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In Java for String class there is a method called matches, how to use this method to check if my string is having only digits using regular expression. I tried with below examples, but both of them returned me false as result.

String regex = "[0-9]";
String data = "23343453";

String regex = "^[0-9]";
String data = "23343453";

marked as duplicate by Mark Rotteveel java May 13 '18 at 10:32

This question has been asked before and already has an answer. If those answers do not fully address your question, please ask a new question.



String regex = "[0-9]+";


String regex = "\\d+";

As per Java regular expressions, the + means "one or more times" and \d means "a digit".

Note: the "double backslash" is an escape sequence to get a single backslash - therefore, \\d in a java String gives you the actual result: \d


Java Regular Expressions

Java Character Escape Sequences

Edit: due to some confusion in other answers, I am writing a test case and will explain some more things in detail.

Firstly, if you are in doubt about the correctness of this solution (or others), please run this test case:

String regex = "\\d+";

// positive test cases, should all be "true"

// negative test cases, should all be "false"

Question 1: Isn't it necessary to add ^ and $ to the regex, so it won't match "aa123bb" ?

No. In java, the matches method (which was specified in the question) matches a complete string, not fragments. In other words, it is not necessary to use ^\\d+$ (even though it is also correct). Please see the last negative test case.

Please note that if you use an online "regex checker" then this may behave differently. To match fragments of a string in Java, you can use the find method instead, described in detail here:

Difference between matches() and find() in Java Regex

Question 2: Won't this regex also match the empty string, "" ?

No. A regex \\d* would match the empty string, but \\d+ does not. The star * means zero or more, whereas the plus + means one or more. Please see the first negative test case.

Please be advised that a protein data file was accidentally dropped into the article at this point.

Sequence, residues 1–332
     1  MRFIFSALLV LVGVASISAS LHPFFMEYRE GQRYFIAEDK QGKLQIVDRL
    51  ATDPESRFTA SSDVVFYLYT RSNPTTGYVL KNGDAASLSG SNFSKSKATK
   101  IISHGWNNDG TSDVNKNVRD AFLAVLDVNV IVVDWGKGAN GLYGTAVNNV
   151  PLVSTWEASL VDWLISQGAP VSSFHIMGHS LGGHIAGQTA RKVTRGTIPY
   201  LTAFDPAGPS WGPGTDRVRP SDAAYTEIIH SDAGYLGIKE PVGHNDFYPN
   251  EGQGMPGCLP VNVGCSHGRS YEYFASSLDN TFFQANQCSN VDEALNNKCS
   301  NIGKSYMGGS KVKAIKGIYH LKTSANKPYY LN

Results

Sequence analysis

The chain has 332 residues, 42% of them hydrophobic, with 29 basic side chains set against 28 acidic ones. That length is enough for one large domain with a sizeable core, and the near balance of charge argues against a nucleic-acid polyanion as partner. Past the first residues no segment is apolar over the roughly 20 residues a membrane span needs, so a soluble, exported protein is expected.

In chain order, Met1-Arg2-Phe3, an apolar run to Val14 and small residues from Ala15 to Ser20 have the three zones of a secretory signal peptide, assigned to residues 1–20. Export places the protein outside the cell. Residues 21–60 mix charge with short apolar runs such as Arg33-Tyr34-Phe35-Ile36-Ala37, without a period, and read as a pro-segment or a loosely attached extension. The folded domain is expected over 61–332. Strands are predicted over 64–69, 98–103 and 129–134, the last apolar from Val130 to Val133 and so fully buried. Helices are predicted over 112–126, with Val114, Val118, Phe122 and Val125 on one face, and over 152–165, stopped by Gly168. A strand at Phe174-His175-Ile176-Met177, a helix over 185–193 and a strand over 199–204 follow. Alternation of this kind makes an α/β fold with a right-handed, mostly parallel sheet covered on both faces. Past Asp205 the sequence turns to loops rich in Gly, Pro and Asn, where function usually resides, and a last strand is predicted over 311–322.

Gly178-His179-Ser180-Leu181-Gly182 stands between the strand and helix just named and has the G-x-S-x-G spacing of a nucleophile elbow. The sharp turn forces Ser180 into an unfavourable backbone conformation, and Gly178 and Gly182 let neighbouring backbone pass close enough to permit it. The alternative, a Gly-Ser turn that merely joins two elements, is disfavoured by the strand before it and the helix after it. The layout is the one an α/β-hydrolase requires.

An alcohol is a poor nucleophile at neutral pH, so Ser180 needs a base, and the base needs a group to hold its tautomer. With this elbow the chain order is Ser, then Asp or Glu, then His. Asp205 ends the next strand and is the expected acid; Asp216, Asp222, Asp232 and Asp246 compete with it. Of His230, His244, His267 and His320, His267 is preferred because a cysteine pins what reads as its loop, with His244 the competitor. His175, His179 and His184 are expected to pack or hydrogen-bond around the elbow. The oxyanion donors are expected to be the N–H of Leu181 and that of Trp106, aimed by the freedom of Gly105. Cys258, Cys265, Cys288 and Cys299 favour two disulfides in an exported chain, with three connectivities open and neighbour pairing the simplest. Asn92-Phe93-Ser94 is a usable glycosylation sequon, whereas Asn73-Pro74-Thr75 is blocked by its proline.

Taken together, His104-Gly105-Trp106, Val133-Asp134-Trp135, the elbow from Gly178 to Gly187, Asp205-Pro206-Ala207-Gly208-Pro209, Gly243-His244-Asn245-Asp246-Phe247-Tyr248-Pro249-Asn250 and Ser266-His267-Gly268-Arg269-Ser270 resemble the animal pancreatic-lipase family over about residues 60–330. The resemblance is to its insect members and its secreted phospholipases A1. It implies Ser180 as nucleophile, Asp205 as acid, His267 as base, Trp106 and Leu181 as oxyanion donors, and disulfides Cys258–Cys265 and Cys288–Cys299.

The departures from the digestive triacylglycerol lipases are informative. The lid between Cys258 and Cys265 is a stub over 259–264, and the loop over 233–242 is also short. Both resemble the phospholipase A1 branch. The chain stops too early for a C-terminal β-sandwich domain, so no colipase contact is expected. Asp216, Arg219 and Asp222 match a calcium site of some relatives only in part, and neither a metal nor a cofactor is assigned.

Question 3: Isn't it faster to compile a regex Pattern?

Yes. It is indeed faster to compile a regex Pattern once, rather than on every invocation of matches, and so if performance implications are important then a Pattern can be compiled and used like this:

Pattern pattern = Pattern.compile(regex);

You can also use NumberUtil.isNumber(String str) from Apache Commons

  • 1
    @user2065083 Its always recommended to user standard API to solve your problem. Anyone giving it a single read can understand (and maintain) your code. So its beneficial from long term point of view. – Apurv Feb 27 '13 at 12:28
  • 4
    Note that this method matches also Unicode digits. – user11153 Aug 14 '14 at 12:55
  • 1
    Note that this will also match strings such as 0xAF, 2.3e-4 and 123L. – vikingsteve Oct 29 '15 at 11:15
  • 3
    Note to import org.apache.commons.lang.math.NumberUtils instead of org.apache.commons.lang.NumberUtils which is deprecated. – Lucky Mar 12 '16 at 14:39
  • 1
    There is a caveat to this that bears mentioning. If you do this know that NumberUtil.isNumber("1000D") will return true, so if you're really looking for only digits this this will not work. – kasdega Jan 23 '18 at 16:56

One more solution, that hasn't been posted, yet:

String regex = "\\p{Digit}+"; // uses POSIX character class

You must allow for more than a digit (the + sign) as in:

String regex = "[0-9]+"; 
String data = "23343453"; 

and catch exception, it handles minus sign.

Although the number of digits is limited this actually creates a variable of the data which can be used, which is, I would imagine, the most common use-case.

  • 4
    What happens if it's a string which contains more digits than Integer can support ? – Brian Agnew Feb 27 '13 at 11:53